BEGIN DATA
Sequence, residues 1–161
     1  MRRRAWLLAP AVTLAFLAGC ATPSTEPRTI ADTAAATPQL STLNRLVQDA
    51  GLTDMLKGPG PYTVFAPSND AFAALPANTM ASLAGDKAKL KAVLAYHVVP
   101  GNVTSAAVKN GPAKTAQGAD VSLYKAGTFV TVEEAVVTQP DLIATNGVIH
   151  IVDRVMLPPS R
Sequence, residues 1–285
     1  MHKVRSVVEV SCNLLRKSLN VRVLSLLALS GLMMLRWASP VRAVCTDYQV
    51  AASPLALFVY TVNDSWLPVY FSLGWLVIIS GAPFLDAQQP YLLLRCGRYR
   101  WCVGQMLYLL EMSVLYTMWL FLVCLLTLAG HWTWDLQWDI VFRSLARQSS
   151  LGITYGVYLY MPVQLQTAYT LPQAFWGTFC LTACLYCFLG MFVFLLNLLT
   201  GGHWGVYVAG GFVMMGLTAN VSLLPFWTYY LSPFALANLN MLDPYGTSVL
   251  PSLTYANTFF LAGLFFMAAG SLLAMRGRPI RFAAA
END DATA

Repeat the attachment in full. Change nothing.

Sequence, residues 1–161
     1  MRRRAWLLAP AVTLAFLAGC ATPSTEPRTI ADTAAATPQL STLNRLVQDA
    51  GLTDMLKGPG PYTVFAPSND AFAALPANTM ASLAGDKAKL KAVLAYHVVP
   101  GNVTSAAVKN GPAKTAQGAD VSLYKAGTFV TVEEAVVTQP DLIATNGVIH
   151  IVDRVMLPPS R
Sequence, residues 1–285
     1  MHKVRSVVEV SCNLLRKSLN VRVLSLLALS GLMMLRWASP VRAVCTDYQV
    51  AASPLALFVY TVNDSWLPVY FSLGWLVIIS GAPFLDAQQP YLLLRCGRYR
   101  WCVGQMLYLL EMSVLYTMWL FLVCLLTLAG HWTWDLQWDI VFRSLARQSS
   151  LGITYGVYLY MPVQLQTAYT LPQAFWGTFC LTACLYCFLG MFVFLLNLLT
   201  GGHWGVYVAG GFVMMGLTAN VSLLPFWTYY LSPFALANLN MLDPYGTSVL
   251  PSLTYANTFF LAGLFFMAAG SLLAMRGRPI RFAAA